Under pressure from the government, the company that makes the biotech corn linked to a massive recall of taco shells agreed today to buy all of this year’s crop of the grain to keep it from getting into the food supply.
Federal officials say there is no known health risk from the corn produced by Aventis CropScience, but it has not been approved for human consumption because scientists are unsure whether it might cause allergic reactions.
The Agriculture Department and the Environmental Protection Agency issued a joint statement saying that Aventis had agreed to reimburse farmers for this fall’s harvest of the StarLink corn. Approximately 300,000 acres of the corn were planted, 0.4 percent of the total corn acreage.
“This action is a prudent and responsible step to prevent the current crop of StarLink corn from being used in processed foods,” the statement said.
May Be Used as Cattle Feed
The corn will eventually be sold for cattle feed or for production of ethanol, a gasoline additive, USDA officials said. The department will purchase the grain from farmers and then oversee its shipping to buyers to ensure that it doesn’t get mixed up with food-grade corn. Aventis will reimburse the government for all its expenses, and in turn will get the proceeds from the corn’s sale.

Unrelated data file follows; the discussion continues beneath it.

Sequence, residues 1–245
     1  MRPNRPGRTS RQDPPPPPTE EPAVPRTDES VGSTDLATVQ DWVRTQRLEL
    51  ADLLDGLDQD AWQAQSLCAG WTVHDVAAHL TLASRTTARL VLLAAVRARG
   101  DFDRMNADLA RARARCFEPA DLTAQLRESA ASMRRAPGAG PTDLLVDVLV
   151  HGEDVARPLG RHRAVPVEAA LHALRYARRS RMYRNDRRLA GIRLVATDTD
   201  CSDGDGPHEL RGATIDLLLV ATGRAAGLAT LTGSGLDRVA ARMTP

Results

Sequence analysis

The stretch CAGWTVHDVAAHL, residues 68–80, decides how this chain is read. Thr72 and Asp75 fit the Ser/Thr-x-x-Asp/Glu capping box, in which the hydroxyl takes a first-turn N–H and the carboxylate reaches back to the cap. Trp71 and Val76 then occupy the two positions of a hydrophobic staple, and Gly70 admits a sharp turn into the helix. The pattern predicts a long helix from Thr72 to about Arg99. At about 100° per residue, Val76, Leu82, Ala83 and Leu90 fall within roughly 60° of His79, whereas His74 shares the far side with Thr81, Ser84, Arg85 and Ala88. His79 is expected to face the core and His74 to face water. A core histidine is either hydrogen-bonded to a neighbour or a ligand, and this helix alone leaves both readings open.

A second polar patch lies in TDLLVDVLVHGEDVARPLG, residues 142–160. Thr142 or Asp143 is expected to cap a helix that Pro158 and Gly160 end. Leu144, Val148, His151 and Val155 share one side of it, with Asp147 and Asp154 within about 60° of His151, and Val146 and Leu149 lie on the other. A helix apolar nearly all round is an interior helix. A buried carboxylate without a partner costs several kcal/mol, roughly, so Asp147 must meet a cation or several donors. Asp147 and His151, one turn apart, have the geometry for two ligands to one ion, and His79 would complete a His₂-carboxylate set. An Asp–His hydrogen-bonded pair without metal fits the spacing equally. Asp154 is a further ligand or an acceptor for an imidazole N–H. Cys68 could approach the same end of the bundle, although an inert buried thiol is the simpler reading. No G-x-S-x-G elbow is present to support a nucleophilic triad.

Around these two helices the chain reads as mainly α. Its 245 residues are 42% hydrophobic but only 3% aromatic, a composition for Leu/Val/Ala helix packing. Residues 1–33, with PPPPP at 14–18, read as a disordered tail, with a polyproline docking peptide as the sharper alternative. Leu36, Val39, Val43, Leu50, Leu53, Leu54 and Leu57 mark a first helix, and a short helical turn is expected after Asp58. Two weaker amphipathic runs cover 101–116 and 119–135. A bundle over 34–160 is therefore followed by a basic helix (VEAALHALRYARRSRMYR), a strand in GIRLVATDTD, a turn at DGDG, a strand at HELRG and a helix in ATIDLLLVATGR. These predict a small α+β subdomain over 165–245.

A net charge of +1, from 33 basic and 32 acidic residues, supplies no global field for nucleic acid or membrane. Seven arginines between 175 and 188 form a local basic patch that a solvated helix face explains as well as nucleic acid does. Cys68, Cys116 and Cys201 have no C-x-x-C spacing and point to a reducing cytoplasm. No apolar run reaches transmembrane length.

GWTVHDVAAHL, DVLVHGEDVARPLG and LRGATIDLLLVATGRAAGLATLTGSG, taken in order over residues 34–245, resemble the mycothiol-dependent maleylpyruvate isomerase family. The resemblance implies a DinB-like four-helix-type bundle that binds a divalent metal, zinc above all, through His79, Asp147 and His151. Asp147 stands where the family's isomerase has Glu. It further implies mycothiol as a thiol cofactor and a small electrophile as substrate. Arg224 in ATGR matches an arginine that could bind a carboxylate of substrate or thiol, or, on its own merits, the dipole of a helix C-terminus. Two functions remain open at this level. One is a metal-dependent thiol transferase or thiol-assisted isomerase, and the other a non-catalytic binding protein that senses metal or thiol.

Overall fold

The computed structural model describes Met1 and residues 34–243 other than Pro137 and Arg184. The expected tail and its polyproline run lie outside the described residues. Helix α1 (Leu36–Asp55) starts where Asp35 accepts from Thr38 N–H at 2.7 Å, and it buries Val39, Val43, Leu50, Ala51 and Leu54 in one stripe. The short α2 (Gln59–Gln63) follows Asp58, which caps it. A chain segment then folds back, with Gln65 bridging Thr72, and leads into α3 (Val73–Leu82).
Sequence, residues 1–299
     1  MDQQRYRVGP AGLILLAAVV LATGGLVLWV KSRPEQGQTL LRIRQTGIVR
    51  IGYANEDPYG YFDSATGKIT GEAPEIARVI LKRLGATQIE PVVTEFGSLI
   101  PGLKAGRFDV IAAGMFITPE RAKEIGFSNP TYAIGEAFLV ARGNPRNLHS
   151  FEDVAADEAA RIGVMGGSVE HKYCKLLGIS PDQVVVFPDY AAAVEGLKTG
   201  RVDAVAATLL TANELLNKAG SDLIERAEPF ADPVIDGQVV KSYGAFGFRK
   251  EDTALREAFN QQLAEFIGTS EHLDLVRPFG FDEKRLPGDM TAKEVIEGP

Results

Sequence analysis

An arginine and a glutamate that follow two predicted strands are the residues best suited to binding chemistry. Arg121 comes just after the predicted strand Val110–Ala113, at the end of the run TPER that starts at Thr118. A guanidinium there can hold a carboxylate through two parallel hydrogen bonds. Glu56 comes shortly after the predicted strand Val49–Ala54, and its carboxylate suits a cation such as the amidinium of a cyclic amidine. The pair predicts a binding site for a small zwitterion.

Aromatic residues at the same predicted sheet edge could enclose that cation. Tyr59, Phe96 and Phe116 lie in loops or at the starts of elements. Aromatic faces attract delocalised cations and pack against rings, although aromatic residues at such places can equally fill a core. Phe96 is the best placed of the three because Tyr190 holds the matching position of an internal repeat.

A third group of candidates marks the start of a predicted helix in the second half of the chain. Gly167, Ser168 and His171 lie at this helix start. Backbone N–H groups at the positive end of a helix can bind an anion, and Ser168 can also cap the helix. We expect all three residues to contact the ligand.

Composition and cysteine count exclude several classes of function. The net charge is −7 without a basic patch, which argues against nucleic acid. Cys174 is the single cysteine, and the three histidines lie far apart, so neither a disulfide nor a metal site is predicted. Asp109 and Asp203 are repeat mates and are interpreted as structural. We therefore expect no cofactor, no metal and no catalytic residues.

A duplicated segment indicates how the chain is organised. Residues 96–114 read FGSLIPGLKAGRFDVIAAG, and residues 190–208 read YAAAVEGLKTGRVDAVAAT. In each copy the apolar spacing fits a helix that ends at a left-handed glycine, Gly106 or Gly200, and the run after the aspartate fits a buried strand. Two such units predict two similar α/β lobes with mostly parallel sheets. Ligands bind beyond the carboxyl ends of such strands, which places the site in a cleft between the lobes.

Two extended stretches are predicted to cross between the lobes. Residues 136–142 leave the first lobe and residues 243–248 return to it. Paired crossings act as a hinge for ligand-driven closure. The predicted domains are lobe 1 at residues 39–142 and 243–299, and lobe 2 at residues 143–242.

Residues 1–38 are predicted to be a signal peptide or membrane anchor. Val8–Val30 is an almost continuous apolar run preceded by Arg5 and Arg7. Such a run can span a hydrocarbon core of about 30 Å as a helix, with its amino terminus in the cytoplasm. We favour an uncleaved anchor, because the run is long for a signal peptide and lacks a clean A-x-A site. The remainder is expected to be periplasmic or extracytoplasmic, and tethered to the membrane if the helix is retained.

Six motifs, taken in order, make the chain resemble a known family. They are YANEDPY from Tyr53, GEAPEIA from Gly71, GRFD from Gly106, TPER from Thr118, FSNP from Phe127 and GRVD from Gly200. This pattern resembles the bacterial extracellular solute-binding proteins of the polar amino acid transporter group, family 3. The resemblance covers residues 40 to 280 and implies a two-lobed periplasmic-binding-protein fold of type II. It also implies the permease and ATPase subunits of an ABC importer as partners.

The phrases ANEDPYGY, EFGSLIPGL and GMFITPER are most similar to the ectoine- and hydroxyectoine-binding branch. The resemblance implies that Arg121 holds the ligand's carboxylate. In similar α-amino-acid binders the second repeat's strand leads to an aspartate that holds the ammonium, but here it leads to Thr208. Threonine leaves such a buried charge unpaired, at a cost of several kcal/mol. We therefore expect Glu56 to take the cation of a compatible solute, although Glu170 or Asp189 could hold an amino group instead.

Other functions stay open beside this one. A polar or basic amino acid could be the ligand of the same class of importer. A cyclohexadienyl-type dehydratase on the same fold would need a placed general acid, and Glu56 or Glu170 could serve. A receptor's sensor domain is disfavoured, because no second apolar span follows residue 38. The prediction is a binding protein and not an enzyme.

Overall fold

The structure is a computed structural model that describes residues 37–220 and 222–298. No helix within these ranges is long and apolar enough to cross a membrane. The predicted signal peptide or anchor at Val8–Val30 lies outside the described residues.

Aventis officials did not immediately return phone calls.
Kraft Foods recalled millions of packages of taco shells that are sold in stores under the Taco Bell name after tests showed that some were made with the Aventis variety, and Taco Bell Corp. said it was replacing all of the shells in its restaurants.
The Environmental Protection Agency approved the crop for commercial use in 1998 with the condition that it only be used for animal feed. The corn contains a bacterium gene that makes it toxic to insects.
It is one of eight varieties of genetically engineered corn that have been approved by the government and the only one that is not approved for use in food.